What are some good papers that debunk common myths in the history of mathematics?

To give you an idea of what I'm looking for, here are some examples.

Tony Rothman, "Genius and biographers: The fictionalization of Evariste Galois," *Amer. Math. Monthly* 89 (1982), 84–106. Debunks various myths about Galois, in particular the idea that he furiously wrote down all the details of Galois theory for the first time the night before he died.

Jeremy Gray, "Did Poincaré say 'set theory is a disease'?", *Math. Intelligencer* 13 (1991), 19-22. Debunks the myth that Poincaré said, "Later generations will regard *Mengenlehre* as a disease from which one has recovered."

Colin McLarty, Theology and its discontents: The origin myth of modern mathematics. Debunks the myth that Gordan denounced Hilbert's proof of the basis theorem with the dismissive sentence, "This is not mathematics; this is theology!"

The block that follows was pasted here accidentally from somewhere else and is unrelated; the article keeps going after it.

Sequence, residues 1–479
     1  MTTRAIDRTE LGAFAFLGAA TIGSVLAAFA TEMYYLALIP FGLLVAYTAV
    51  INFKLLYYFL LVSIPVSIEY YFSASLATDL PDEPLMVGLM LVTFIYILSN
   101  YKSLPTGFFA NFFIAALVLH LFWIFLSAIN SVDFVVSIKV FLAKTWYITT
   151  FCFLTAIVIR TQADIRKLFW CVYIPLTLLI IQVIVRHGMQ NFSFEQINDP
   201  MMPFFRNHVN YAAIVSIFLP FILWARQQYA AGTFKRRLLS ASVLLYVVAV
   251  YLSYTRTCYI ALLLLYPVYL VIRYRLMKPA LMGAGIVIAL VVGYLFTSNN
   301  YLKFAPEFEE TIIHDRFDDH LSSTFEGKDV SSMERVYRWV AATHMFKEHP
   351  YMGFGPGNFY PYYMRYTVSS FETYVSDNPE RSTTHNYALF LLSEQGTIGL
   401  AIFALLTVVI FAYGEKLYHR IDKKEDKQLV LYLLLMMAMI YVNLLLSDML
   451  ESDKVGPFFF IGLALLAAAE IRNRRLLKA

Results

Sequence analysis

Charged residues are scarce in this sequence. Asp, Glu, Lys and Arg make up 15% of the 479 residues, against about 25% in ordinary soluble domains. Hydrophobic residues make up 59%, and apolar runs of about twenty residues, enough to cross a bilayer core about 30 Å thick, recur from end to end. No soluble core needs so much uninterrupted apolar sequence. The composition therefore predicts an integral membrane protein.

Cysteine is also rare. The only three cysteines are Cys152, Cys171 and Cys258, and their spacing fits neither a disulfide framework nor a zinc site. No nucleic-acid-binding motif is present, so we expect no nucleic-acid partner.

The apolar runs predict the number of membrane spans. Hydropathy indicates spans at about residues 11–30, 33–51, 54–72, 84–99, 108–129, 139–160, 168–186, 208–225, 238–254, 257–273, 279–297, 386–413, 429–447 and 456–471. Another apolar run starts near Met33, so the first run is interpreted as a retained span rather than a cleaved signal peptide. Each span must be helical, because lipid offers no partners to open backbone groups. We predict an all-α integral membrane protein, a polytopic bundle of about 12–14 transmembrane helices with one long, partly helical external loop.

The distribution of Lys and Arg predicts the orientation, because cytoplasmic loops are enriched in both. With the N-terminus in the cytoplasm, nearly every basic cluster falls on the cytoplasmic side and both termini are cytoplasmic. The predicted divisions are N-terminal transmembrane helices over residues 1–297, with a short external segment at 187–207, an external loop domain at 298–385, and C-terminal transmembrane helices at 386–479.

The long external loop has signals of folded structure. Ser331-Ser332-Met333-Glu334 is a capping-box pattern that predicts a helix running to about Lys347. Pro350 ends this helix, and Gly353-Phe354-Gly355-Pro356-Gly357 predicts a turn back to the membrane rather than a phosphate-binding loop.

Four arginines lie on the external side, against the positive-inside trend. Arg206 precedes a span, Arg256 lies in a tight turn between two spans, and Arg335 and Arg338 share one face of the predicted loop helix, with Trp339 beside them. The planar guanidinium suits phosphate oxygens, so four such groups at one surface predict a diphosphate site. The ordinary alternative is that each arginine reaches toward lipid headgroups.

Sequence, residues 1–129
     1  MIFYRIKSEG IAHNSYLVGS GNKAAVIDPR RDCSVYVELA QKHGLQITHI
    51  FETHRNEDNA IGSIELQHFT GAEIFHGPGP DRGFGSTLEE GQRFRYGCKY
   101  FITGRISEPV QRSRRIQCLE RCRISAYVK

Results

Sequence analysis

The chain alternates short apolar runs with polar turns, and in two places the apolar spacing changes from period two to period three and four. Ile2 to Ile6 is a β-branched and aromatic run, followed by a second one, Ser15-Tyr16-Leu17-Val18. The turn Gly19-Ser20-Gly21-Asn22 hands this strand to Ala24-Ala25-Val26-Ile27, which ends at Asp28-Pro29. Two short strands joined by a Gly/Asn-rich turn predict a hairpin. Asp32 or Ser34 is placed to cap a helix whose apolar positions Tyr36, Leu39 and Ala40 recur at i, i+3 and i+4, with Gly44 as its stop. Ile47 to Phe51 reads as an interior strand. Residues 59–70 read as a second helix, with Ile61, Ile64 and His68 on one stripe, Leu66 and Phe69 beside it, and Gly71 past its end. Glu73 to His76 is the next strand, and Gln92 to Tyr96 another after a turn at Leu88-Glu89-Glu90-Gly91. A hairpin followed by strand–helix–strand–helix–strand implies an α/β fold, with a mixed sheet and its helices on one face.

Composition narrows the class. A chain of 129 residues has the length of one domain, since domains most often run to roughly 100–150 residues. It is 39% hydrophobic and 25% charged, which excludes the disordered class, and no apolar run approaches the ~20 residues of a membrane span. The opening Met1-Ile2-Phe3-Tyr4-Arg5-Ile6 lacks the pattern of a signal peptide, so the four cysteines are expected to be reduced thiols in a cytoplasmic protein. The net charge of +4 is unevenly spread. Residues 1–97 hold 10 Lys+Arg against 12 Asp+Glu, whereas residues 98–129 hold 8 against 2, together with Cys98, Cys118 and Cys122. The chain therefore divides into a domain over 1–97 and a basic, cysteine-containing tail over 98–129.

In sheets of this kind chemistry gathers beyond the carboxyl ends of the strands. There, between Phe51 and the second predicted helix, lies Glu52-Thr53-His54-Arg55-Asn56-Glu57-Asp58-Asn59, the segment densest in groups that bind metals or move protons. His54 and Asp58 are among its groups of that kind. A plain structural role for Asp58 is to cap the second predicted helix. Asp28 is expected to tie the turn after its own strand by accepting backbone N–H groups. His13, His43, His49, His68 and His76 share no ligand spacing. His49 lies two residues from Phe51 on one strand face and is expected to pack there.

Some might say that my question belongs on the Historia Matematica mailing list; however, besides the fact that I don't subscribe to Historia Matematica, I think that the superior infrastructure of MathOverflow actually makes it a better home for the list I hope to create. Still, maybe someone should let the Historia Matematica mailing list know that I'm asking the question here.